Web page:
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Finding Diamonds in the Rough

The crystal structure of NOV1, a stilbene cleaving oxygenase, shows the features of this enzyme at atomic resolution. (A) This protein fold view highlights the placement of an iron (orange), dioxygen (red), and resveratrol, a representative substrate (blue) in the active site of the enzyme. (B) This surface slice representation shows the shape of the active site cavity and the arrangement of iron, dioxygen, and resveratrol. (Credit: Ryan McAndrew/JBEI and Berkeley Lab)

Researchers at the Joint BioEnergy Institute and the Great Lakes Bioenergy Research Center used crystallography and biophysical methods to better understand how the NOV1 enzyme breaks down a a stilbene substrate into two smaller compounds. Understanding this unusual chemical reaction brings insight on how to generate desirable biofuels and bioproducts from biomass deconstruction.

7 Imaging Tools Pushing Science Forward

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Berkeley Lab scientists are developing new ways to see the unseen. Here are seven imaging advances (recently reported in our News Center) that are helping to push science forward, from developing better batteries to peering inside cells to exploring the nature of the universe.   1. Seeing DNA nanostructures in 3-D DNA segments can serve as a

Berkeley Lab Takes Home Five R&D 100 Awards for Environmental, Battery, and X-ray Technologies

Photo - The Compact Dynamic Beamstop (CDBS) device, at left, designed to provide real time information to improve X-ray crystallography experiments, with a size comparison to a ballpoint pen tip. (Credit: Berkeley Lab)

Berkeley Lab-developed tech enabling energy-saving roofs, long-lived batteries, better data from X-ray experiments, safer drinking water, and reduced carbon dioxide in the atmosphere have received 2016 R&D 100 awards.

Navigating an Ocean of Biological Data in the Modern Era

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Scientists and software engineers at the U.S. Department of Energy (DOE)’s Joint BioEnergy Institute (JBEI) have developed a new -omics visualization tool, Arrowland, which combines different realms of functional genomics data in a single intuitive interface. The aim of this system is to provide scientists an easier way to navigate the ever-growing amounts of biological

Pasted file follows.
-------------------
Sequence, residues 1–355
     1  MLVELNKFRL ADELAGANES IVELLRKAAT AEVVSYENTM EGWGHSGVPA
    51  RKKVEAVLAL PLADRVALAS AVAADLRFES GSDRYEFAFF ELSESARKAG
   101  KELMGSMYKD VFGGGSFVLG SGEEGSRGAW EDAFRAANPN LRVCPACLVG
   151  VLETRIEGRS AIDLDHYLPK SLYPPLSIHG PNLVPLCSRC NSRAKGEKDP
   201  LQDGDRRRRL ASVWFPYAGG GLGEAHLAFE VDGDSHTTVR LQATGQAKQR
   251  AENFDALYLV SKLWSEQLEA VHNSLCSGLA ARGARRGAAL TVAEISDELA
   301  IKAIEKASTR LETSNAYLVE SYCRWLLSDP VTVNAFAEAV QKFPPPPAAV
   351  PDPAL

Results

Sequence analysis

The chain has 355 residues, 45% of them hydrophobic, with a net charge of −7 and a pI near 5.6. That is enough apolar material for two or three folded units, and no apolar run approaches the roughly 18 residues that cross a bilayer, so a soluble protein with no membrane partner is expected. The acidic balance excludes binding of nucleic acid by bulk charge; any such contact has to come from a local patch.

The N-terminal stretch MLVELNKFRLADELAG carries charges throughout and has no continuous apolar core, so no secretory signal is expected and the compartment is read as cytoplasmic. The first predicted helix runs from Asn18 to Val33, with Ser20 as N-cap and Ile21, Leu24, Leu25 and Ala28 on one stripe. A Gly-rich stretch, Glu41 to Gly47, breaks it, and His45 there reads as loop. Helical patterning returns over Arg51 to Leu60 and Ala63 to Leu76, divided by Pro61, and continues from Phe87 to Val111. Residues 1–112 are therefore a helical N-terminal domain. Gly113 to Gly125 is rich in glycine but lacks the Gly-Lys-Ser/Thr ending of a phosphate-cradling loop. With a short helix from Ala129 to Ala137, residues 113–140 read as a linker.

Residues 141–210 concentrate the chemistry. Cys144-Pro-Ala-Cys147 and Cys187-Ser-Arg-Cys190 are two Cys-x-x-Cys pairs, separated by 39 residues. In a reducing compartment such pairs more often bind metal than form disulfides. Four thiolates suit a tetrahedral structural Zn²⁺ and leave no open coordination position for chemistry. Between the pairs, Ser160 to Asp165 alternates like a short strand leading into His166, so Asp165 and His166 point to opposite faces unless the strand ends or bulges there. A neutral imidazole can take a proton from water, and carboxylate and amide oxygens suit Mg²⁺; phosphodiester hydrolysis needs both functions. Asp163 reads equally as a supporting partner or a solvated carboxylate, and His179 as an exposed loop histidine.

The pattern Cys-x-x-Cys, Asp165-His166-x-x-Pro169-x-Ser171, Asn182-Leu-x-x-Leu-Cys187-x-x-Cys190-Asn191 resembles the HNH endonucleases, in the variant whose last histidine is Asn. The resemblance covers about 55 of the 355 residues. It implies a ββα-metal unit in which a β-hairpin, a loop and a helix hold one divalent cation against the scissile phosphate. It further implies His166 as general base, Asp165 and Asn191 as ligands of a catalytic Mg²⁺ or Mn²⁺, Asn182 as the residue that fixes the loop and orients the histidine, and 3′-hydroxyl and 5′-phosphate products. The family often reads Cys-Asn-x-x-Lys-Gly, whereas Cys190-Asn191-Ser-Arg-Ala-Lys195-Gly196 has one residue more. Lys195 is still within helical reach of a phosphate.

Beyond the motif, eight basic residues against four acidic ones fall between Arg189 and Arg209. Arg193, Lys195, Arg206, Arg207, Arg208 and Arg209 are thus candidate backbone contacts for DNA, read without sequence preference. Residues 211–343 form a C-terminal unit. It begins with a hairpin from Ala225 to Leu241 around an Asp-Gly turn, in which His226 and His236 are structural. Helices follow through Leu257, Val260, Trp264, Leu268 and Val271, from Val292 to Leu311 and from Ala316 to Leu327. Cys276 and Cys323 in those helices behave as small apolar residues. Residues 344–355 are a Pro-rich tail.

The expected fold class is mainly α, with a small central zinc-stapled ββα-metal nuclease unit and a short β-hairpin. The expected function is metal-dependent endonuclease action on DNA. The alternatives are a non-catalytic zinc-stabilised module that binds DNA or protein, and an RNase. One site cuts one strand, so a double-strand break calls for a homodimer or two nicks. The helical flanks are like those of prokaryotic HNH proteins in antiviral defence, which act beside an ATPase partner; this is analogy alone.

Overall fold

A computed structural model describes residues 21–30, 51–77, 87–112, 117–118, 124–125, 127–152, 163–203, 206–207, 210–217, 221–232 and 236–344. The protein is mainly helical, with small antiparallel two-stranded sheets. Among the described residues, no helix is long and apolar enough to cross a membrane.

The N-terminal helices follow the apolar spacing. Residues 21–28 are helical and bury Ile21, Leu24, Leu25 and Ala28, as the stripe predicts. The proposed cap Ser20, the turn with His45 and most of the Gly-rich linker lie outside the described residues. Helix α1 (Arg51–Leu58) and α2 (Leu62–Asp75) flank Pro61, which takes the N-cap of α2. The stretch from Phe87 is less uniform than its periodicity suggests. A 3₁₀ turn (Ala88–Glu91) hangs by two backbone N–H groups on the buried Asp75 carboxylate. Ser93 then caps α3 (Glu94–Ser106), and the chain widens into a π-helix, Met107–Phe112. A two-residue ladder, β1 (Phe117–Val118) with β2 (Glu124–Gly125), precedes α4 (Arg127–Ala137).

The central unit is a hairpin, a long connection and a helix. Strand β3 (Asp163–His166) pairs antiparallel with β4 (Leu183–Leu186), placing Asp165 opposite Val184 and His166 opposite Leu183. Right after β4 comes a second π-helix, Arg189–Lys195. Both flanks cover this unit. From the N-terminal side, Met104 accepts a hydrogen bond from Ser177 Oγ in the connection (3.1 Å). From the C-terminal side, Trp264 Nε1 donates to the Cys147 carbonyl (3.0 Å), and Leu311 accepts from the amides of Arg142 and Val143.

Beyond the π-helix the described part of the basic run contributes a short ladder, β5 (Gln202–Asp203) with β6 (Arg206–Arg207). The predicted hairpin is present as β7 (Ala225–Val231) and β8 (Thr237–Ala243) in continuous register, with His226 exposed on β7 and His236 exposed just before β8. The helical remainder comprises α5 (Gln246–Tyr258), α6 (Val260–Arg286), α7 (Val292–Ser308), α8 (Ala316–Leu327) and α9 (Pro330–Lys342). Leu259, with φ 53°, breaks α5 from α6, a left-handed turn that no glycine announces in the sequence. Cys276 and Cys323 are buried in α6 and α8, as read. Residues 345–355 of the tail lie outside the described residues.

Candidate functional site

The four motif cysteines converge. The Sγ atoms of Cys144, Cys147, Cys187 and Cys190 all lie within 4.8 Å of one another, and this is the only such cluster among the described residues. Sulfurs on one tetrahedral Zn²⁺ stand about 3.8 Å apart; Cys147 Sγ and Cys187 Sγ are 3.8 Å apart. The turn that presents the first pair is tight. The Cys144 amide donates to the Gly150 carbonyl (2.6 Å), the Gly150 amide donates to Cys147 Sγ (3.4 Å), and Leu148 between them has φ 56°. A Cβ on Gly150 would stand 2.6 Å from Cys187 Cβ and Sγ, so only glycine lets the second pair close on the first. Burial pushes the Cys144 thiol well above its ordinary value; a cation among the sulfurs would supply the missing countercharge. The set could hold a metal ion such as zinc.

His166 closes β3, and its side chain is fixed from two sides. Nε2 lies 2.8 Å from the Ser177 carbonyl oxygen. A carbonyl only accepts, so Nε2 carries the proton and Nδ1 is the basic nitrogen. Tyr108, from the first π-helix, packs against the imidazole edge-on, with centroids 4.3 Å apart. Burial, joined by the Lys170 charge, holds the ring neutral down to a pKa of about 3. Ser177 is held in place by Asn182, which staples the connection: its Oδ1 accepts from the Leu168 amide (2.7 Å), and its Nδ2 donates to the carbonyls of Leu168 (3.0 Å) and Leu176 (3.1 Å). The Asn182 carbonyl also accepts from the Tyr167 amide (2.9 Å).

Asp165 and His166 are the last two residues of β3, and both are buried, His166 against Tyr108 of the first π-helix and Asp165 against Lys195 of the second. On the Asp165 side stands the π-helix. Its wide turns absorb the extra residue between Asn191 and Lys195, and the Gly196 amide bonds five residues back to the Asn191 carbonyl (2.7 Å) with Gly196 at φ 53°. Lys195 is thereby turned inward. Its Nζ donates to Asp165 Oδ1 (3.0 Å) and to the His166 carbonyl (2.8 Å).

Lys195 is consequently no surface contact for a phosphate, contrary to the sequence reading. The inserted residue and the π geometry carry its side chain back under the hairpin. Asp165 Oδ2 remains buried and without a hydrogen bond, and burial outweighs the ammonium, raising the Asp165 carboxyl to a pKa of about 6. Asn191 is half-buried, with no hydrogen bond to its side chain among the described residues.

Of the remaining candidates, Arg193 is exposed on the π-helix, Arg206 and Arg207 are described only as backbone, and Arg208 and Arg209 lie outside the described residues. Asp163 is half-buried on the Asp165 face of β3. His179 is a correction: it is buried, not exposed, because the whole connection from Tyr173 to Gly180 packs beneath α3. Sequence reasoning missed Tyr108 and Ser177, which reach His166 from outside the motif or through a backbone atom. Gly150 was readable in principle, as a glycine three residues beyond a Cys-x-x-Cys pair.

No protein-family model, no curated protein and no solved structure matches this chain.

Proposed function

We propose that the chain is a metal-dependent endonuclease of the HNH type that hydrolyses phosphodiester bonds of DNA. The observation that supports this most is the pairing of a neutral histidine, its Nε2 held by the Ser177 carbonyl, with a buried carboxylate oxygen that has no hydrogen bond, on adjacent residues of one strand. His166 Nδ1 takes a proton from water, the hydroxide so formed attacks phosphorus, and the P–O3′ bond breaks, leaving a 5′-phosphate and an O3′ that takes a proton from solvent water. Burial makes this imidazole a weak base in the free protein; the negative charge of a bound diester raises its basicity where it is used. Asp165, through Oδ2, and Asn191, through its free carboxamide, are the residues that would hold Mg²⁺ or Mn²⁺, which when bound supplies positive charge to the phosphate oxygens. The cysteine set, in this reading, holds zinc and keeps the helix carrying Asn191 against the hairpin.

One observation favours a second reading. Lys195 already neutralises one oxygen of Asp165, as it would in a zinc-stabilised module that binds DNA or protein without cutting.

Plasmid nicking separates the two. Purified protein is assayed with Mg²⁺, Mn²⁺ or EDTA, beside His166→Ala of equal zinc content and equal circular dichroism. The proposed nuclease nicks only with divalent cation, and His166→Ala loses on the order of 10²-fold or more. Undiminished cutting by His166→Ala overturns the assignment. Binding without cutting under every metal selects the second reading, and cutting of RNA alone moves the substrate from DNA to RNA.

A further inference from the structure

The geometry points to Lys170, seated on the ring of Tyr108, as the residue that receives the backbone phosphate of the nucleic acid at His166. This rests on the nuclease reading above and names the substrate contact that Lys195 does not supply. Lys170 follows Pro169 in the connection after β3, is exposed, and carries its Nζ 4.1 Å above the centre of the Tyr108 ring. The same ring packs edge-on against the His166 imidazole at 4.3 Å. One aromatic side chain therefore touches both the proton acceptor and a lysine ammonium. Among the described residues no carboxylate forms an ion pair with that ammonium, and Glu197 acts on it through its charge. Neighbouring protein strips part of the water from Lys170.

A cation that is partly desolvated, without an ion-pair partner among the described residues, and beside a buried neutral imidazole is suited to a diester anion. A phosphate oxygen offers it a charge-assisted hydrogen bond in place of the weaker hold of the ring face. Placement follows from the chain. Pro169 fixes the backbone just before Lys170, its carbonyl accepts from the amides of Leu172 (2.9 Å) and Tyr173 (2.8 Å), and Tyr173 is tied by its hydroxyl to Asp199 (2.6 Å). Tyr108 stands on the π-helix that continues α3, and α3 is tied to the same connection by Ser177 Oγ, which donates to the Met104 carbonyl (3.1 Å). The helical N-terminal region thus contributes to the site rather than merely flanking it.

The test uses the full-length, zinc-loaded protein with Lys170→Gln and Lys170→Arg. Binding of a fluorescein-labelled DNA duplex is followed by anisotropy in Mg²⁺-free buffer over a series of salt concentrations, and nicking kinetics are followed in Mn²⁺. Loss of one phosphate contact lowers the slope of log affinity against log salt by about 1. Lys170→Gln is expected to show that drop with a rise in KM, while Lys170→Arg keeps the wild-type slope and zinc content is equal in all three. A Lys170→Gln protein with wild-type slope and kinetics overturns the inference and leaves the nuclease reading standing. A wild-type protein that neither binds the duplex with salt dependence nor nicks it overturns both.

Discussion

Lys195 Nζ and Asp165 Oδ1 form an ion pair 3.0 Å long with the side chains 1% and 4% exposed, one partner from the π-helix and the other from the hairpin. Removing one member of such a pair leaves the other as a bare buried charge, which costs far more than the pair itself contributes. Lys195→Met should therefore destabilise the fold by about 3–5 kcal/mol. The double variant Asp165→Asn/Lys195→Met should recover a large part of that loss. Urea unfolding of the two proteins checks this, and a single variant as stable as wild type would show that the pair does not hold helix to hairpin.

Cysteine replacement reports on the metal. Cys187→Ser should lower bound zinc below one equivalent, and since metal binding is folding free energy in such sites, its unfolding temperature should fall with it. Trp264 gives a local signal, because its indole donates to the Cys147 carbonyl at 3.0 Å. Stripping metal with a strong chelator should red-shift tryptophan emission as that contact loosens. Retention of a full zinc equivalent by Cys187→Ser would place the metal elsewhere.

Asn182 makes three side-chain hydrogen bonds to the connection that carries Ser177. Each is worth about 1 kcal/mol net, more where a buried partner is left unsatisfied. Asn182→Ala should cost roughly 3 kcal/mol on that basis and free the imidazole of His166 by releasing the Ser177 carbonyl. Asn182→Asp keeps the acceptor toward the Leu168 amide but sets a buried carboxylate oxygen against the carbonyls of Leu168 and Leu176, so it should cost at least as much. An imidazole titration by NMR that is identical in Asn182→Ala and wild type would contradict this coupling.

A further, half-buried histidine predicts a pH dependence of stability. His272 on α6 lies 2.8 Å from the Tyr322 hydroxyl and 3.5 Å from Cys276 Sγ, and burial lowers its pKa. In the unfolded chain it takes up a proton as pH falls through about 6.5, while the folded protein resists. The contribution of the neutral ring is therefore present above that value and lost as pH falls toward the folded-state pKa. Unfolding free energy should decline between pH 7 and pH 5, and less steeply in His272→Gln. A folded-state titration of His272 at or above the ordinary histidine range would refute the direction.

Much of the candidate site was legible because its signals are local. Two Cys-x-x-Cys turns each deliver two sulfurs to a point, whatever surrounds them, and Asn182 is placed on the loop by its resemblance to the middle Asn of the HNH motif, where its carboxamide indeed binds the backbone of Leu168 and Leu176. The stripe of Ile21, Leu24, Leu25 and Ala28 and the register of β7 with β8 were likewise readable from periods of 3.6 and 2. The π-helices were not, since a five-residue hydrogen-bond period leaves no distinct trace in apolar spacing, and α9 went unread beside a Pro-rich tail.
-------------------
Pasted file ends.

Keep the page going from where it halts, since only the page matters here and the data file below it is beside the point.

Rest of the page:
New $10 Million Effort to Develop Advanced Water Splitting Materials

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The Energy Department (DOE) recently announced $10 million, subject to appropriations, to support the launch of the HydroGEN Advanced Water Splitting Materials Consortium (HydroGEN). This consortium will utilize the expertise and capabilities of the national laboratories to accelerate the development of commercially viable pathways for hydrogen production from renewable energy sources. The new consortium is

Workshop Focuses in on Electron Microscopy

Photo - High-resolution cryoEM imaging and a unique analysis tool enabled this image of a microtubule, a hollow cylinder with walls made up of a mix of tubulin proteins. (Credit: Berkeley Lab)

A “Future Electron Microscopy” workshop held Tuesday, Oct. 11, at the ALS User Support Building showcased the breadth and depth of electron microscopy at Berkeley Lab.

Berkeley Lab Hosts UC-Industry Battery Workshop

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More than 50 people attended a battery research workshop last Thursday sponsored by the University of California and held at Berkeley Lab. Its purpose was to explore what role researchers in the UC system can play in bridging the gap between science research and technology deployment of new batteries. The invited participants included key players

The Incredible Shrinking Particle Accelerator

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Particle accelerators are on the verge of transformational breakthroughs—and advances in computing power and techniques are a big part of the reason. Long valued for their role in scientific discovery and in medical and industrial applications such as cancer treatment, food sterilization and drug development, particle accelerators, unfortunately, occupy a lot of space and carry

Longest Record of Continuous Carbon Flux Data is Now Publicly Available

This map shows all of the tower sites around the world that contributed observations to the FLUXNET 2015 data release. Credit: http://fluxnet.fluxdata.org/

Around the world—from tundra to tropical forests, and a variety of ecosystems in between—environmental researchers have set up micrometeorological towers to monitor carbon, water, and energy fluxes, which are measurements of how carbon dioxide (CO2), water vapor and energy (heat) circulate between the soil, plants and atmosphere. Most of these sites have been continuously collecting

Let There Be (More) Light

Plant leaves expressing an algal gene are shown in violet, above. The gene restores the photoprotection capacity of the plant. (Credit: Zhirong Li/UC Berkeley)

Excess light energy that a plant can’t absorb needs to be dissipated to avoid damage and oxidative stress. Berkeley Lab researchers are studying ways to increase the amount of light that can be safely absorbed, potentially leading to more efficient photosynthesis and higher crop productivity.